Take Harassment Claims Seriously or Pay the Price in Millions in Business and at Work

Harassed jail guard gets $3M

Appeals court increases damages to be paid to former Rensselaer County female officer

Published 11:19 pm, Thursday, August 13, 2015

A state appeals court issued a decision Thursday sharply increasing the financial damages Rensselaer County must pay a former female jail sergeant who was subjected to severe sexual harassment by a group of male officers at the facility.

The ruling by the Appellate Division of state Supreme Court in Albany entitles the former sergeant, Lora Abbott Seabury, to more than $3 million, including a lump sum of up to $1.46 million — payable by Rensselaer County — for the state pension she would have received if she had stayed on the job. The decision also increased the amount of lost wages the county must pay Seabury — by $264,600 — to $580,995.

The damages also include several hundred thousand dollars in interest.

In 2013, an administrative law judge with the state Division of Human Rights determined Seabury was harassed by a clique of jail officers known as the “Boys Club” and that top sheriff’s officials at the jail engaged in “deliberate inaction” in dealing with the harassment of Seabury.

…The harassment against Seabury peaked in 2010 when, as a watch commander, she filed disciplinary action against two officers who were sleeping on duty.

…Seabury said the harassment intensified and she took her complaints to a captain, Harold Smith, who a judge found did nothing to stop the abuse and told Seabury to “be tough.”

Source: Albany Times Union – emphasis mine.

The most expensive risk that any business owner, leader, manager or supervisor can take is to receive a complaint of sexual and/or other harassment and then do nothing, as illustrated once again by this recent $3 million example.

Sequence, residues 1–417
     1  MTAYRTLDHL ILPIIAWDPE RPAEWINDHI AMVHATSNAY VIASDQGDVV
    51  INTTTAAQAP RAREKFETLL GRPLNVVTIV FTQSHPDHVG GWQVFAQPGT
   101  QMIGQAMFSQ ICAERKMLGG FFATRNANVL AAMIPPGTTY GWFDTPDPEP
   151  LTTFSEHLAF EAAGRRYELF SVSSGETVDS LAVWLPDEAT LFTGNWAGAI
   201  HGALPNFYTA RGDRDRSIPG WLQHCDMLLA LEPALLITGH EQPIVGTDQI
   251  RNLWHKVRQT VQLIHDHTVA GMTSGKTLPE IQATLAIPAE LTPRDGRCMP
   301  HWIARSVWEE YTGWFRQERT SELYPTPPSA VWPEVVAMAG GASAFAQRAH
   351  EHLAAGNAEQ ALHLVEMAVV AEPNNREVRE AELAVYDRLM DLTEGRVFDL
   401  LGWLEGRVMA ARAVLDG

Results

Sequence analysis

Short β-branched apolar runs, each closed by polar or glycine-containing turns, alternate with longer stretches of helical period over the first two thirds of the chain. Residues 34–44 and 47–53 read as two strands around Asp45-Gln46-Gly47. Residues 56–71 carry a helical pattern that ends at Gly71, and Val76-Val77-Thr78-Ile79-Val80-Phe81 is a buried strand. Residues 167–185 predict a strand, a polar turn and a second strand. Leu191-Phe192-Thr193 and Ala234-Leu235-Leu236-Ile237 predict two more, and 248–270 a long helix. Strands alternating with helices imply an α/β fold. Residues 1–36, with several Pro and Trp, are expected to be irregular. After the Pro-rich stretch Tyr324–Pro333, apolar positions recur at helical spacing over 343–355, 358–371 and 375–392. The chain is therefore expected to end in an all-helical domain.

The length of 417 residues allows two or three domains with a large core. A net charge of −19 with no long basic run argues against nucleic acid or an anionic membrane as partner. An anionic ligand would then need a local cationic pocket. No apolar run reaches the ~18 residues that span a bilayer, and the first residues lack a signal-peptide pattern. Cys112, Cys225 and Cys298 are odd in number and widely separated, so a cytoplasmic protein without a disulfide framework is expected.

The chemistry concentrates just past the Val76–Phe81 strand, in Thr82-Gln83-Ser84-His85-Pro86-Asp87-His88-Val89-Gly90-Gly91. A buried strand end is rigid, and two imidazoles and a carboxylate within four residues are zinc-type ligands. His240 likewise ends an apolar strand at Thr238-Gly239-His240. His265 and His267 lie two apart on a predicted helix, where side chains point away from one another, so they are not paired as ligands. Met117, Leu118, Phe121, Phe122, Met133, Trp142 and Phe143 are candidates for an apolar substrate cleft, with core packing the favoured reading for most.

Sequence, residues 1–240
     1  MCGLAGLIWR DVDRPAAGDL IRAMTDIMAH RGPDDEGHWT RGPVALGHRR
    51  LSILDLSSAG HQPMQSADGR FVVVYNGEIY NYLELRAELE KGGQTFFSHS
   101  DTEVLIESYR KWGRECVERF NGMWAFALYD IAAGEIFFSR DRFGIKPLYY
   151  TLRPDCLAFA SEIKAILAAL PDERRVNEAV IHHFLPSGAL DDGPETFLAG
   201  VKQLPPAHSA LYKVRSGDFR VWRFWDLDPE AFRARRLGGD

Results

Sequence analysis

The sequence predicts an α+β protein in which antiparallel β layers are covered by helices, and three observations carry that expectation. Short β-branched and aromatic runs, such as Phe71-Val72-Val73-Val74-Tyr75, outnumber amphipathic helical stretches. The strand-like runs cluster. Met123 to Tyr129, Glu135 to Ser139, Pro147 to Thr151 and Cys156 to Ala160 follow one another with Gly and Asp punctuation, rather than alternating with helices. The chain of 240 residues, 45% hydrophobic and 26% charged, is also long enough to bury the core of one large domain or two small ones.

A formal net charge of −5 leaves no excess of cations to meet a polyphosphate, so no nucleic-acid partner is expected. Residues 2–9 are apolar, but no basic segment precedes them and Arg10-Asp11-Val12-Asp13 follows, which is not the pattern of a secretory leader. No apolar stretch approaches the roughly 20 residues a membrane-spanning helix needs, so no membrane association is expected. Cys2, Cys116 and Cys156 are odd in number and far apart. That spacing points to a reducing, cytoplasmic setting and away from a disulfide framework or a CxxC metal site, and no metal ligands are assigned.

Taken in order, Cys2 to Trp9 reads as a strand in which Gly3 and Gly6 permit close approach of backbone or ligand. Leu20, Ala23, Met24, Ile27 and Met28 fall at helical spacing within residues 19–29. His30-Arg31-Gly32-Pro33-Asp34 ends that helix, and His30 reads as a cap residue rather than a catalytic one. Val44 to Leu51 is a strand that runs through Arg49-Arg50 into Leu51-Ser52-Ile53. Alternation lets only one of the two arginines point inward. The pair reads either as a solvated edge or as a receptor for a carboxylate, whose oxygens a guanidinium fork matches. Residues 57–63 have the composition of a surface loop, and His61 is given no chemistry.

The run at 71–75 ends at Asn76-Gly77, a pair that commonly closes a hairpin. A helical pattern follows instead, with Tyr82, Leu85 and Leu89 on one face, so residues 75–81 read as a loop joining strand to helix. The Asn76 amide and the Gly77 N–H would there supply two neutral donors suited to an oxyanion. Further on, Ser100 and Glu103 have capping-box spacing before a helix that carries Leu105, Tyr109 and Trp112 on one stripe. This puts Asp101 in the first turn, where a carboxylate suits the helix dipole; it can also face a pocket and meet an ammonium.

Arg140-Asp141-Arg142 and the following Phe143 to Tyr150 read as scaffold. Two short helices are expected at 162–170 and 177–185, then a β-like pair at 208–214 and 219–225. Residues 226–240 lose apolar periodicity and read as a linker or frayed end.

How can you save your organization $3 million? By having:

  • A crystal-clear policy against harassment, which includes and explicitly explains prohibited behaviors against protected classes of employees on the state and federal level, including but not limited to:
    • Race
    • Gender
    • Sexual Orientation
    • Age
    • Pregnancy
    • Ethnic Origin
    • Religion; and

provides a due-process for reporting complaints; and if upon investigation determines that harassment has occurred,  how the organization will remediate and prevent the recurrence of such harassment, e.g. – the harassment must stop, either via disciplinary action against or termination of the harasser;

  • Following through on your own Harassment Prevention policy, taking every harassment complaint seriously, immediately investigating the complaint and if found to be valid, remediating the harassment via clear communication, discipline and/or termination, to ensure that the harassment is not repeated and that the complainant does not experience retaliation;
  •  Training every supervisor of people at every level on at least an annual basis of their responsibility re: the above to immediately report any harassment complaints to the organization’s HR and Operations leadership;
  • Training every employee upon hire and then annually on what constitutes harassing behavior in the workplace, including but not limited to:
    • Sexually-laden emails, or sexting;
    • Harassing jokes or comments;
    • Casual discussions at work about employees’ sex lives;
    • Discriminatory remarks about employees’ gender, race, ethnic origin, age, sexual orientation, etc.;
    • Touching;
    • Supervisors dating their employees;
    • Supervisors failing to take immediate action on harassment complaints and/or harassing behavior.

What actions will you take this week to save your organization millions of dollars by preventing and remediating harassing behavior in your workplace in business and at work?

Group of serious businesspeople interacting at meeting

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